Senator Mitch McConnell, one of the GOP's most prominent sitting legislators and turtle look-a-likes, barely touched on anything like a jobs plan. The closest he came was saying that as president, Donald Trump would sign a bill allowing the construction of the Keystone Pipeline, and would allow Republicans to follow through with their promises to repeal Obamacare. (It's worth noting here that Trump's poor and wildly shifting understanding of health care policy—he has said positive things about single payer—leaves open a lot of questions about the sort of health care he might actually pursue as president.)

Even Speaker of the House Paul Ryan, perhaps the Republican party's most successful and influential policy entrepreneur, had almost nothing specific to say, or even reference, about jobs and economic policy. He spent most of his speech asking—practically pleading—with the GOP to unite around Trump, because Hillary Clinton was unacceptable. The same goes for Chris Christie, the governor of New Jersey, who spent the entirety of his speech acting as prosecutor and laying out an extended case against Hillary Clinton. Granted, I suppose this could be his job in a hypothetical Donald Trump administration. 

Donald Trump, Jr. gave a speech that actually referenced several policies (Dodd Frank, school choice). There mere existence of references to specific legislation or policy areas made his speech the stand out address of the night, which, to be sure, is an extremely low bar. But references are not themselves plans or even the beginnings of plans; a president cannot legislate merely by acknowledging that policy exists. 

Perhaps the best case that Trump would create jobs came from Kerry Woolard, who described how well Trump has run the winery she manages. It was still not much of a case: He pays attention, she said, and asks good questions. That is hardly a demonstration of Trump's economic policy acumen or how he would act as president. Also, according to its website, that winery "is not owned, managed or affiliated with Donald J. Trump, The Trump Organization or any of their affiliates," and therefore may not be the best example.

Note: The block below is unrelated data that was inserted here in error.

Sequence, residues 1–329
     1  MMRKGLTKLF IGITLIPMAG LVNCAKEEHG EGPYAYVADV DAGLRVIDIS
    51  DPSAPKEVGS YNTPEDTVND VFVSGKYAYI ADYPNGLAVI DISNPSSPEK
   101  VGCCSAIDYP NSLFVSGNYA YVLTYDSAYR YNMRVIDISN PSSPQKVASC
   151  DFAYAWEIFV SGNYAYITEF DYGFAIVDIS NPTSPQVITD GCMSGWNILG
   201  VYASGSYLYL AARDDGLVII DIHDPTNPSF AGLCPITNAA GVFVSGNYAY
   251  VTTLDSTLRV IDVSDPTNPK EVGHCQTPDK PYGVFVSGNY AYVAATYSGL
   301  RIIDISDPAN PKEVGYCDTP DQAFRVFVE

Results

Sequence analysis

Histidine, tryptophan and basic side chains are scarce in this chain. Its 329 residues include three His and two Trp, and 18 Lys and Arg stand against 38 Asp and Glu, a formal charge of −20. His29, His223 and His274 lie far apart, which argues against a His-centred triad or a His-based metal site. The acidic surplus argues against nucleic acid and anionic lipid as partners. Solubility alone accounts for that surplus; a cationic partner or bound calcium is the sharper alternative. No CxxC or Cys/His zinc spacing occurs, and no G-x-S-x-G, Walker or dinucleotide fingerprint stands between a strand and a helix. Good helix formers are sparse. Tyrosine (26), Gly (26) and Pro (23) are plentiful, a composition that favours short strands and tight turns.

You will not be surprised to hear that the rest of the speakers—including Trump's daughter Tiffany, neurosurgeon and failed presidential candidate Ben Carson, and soap opera star Kimberlin Brown—did not have much to say about creating jobs or boosting the economy either. Carson did, however, link Hillary Clinton to progressive activist guru Saul Alinsky, and note that Alinsky "acknowledges Lucifer." 

Just so there's no confusion: None of these things are plans in the sense that offer or even suggest a set of specific, plausible, debatable steps that a president might take. That's what a plan is. A plan is not the end result you hope to achieve; it's a description of the particulars of how you intend to produce that result. 

There are plenty of reasons to oppose Hillary Clinton, and although I would personally take a pass on the Alinsky/Lucifer connection, Republicans touched on more than a few of the good reasons to be wary of their Democratic rival. But that still totally fails to respond to respond to the essential policy question that was supposedly the topic of discussion for the evening. "Hillary Clinton is bad and should maybe be in jail" isn't a jobs plan—and there's little evidence that the Republican party under Trump has anything else in the works. 

You can blame Trump, an unusually vacuous and unserious candidate, for some of this. But this tendency existed in Republican party politics existed long before before Trump arrived. The GOP has spent the last decade and half stubbornly refusing to engage with the basics of domestic policy, even on issues its members purport to prioritize, preferring Reaganite-mantras and anti-Obama slogans instead. Last night was proof that the GOP has wholly embraced a post-policy approach to politics, ceding the space entirely to Democratic opponents. We're all worse off for it. 

(This post has been updated.)